Over the Summer, I promised an upcoming Found Footage Friday column, but I’ve been swamped and restructuring on the site here has been slower than I planned… but that doesn’t mean I’m not still watching, enjoying, and writing about found footage films when I get the chance. This past few weeks, I’ve gotten to screen a few that I enjoyed quite a bit. The two I’ve focused on today include one that’s not available wide yet and one that you can stream as soon as you’re done reading today. If you enjoy found footage horror, as I do, you need to keep both of these on your radar and check them out as soon as is possible – which in the case of Lights Over Montgomery County is right now.
This month marked the 8th annual Philadelphia Unnamed Film Festival, a great festival programmed in part by my friend Madeleine, who helped with last year’s Skate or Die Festival and runs
While there are many things about this one that feel very “cliche” or standard, that’s not a bad thing for a found footage aficionado. Hunting for the Hag takes the set up of the search for an urban legend and does it right. A familiar conceit can be a great thing when done well and this one does it well.
Fans of films like the classic 1999 found footage staple The Blair Witch Project and other urban legends/folklore based found footage/POV films like the late great Erik Myers’s Butterfly Kisses are bound to find on here that there truly love.
You can search for upcoming screenings and follow news on the film at the Into the Night Motion Pictures Facebook page.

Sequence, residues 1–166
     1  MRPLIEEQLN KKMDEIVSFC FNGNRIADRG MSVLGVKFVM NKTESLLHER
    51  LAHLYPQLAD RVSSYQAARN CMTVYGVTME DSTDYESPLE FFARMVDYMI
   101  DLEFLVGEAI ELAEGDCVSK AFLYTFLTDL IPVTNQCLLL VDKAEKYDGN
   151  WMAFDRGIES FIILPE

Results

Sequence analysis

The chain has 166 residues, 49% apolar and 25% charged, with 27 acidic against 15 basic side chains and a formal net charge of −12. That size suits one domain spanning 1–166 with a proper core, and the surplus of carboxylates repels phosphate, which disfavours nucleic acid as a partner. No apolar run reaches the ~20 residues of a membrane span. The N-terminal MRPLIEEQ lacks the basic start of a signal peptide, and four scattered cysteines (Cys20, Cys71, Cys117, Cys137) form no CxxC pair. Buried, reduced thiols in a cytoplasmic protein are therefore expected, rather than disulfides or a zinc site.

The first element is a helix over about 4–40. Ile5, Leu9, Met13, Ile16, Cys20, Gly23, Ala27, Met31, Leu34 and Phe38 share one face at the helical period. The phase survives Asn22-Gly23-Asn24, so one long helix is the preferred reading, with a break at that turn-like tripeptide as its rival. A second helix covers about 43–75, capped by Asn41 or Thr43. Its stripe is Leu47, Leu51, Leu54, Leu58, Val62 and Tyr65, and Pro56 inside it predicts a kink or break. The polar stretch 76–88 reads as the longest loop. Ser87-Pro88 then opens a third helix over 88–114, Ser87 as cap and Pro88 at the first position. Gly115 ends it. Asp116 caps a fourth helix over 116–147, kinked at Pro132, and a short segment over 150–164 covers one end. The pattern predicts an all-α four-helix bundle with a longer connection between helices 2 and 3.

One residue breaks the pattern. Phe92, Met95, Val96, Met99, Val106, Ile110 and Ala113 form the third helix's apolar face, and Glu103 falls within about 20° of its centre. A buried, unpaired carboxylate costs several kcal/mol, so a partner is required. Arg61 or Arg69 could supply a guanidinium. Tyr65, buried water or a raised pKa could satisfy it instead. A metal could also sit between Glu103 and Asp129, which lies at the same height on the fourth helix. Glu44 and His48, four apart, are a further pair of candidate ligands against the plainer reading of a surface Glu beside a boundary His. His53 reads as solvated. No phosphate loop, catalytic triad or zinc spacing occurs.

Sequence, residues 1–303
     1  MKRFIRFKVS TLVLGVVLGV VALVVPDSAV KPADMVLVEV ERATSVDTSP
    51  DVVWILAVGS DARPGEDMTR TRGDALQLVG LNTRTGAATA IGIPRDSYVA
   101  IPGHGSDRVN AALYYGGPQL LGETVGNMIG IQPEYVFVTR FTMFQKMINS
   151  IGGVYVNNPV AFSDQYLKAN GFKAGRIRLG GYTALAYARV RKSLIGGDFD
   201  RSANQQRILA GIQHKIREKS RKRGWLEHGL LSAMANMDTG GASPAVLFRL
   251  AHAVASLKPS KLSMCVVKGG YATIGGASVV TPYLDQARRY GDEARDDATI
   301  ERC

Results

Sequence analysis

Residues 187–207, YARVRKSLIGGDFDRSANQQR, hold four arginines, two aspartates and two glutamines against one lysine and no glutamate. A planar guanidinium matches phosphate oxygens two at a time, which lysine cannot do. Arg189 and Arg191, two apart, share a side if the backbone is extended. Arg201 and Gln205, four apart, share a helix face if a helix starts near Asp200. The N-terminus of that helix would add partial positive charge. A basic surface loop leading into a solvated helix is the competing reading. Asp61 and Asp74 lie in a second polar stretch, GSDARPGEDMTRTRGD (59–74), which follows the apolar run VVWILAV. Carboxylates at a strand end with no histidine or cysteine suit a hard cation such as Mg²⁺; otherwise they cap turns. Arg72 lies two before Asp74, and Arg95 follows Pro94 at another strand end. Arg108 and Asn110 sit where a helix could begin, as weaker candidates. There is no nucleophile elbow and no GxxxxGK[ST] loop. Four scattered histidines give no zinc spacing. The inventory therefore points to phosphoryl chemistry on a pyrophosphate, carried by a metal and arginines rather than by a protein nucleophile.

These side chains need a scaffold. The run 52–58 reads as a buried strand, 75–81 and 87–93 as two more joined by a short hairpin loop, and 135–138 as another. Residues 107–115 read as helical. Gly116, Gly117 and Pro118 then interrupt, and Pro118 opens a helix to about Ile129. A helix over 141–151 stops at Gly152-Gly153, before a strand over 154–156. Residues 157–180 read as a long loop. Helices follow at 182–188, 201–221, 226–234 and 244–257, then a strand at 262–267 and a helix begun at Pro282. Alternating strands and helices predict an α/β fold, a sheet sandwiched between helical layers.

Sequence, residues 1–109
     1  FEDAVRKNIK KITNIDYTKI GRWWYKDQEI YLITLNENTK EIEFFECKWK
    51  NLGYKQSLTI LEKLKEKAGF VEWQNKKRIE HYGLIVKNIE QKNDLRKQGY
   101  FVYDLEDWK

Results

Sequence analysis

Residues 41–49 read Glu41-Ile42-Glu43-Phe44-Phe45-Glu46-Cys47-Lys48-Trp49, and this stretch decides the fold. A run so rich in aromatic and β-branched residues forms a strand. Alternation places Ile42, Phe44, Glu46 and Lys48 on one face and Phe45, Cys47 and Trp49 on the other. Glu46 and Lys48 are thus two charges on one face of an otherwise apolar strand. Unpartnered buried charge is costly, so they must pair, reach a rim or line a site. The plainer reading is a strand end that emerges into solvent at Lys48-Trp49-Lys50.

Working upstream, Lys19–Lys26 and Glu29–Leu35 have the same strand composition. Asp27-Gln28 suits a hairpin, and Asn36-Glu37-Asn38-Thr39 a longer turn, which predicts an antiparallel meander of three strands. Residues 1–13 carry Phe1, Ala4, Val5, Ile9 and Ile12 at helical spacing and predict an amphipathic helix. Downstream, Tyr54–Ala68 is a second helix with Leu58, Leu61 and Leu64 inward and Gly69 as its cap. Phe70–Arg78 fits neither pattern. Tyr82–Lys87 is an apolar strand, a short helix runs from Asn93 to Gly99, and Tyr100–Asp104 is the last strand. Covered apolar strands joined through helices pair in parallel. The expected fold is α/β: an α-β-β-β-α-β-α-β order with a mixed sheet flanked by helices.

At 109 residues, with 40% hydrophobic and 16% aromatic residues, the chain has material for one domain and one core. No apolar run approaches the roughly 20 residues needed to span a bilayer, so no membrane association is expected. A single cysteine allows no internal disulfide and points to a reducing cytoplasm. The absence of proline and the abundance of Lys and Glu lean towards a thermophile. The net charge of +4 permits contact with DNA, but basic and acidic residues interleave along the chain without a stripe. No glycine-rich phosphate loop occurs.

The other film I had the pleasure of screening was sent to me directly from the filmmaker, whom I was in contact with because of his involvement with the Horror Dadz crew. I had previously checked out Dillon Brown’s Ghost for the site and through that I connected with a few other great filmmakers… one of which is Dustin Tamplen. Dustin’s new faux-doc Lights Over Montgomery County just dropped on ScarePlex, but I was lucky to get to screen it a bit early.
Another great subset of the POV/found footage style is the faux-doc. Many found footage films employ use of the faux-doc format. The previously mentioned film has some faux-doc setup while not settling into that format as its primary chosen style, while others are set as full documentary style films or utilize documentary segments (the Hell House LLC series does an awesome job of floating between various POV formats, as we’ll discuss later this week with the new entry in that series). This film opts to go the full documentary format and does so rather well.
While the production value isn’t on the level of similar recent faux-doc horror films like Horror in the High Desert, the story is told well, the visuals all work to further the story, and they do a good job of sticking with their chosen format. For a micro-budget project, it looks and sounds better than anyone could expect.
Overall, it’s a fantastic addition to the POV horror fan’s library and should be checked out post haste for anyone who enjoys these subgenres within the horror genre. More than anything, I find myself continually drawn to this collective of horror filmmakers and can’t wait to see what’s next from Dustin, Dillon, and the other folks they work with.
Make sure to check out the film on ScarePlex today. It’s a great way to celebrate spooky season, especially for alien and UFO lovers.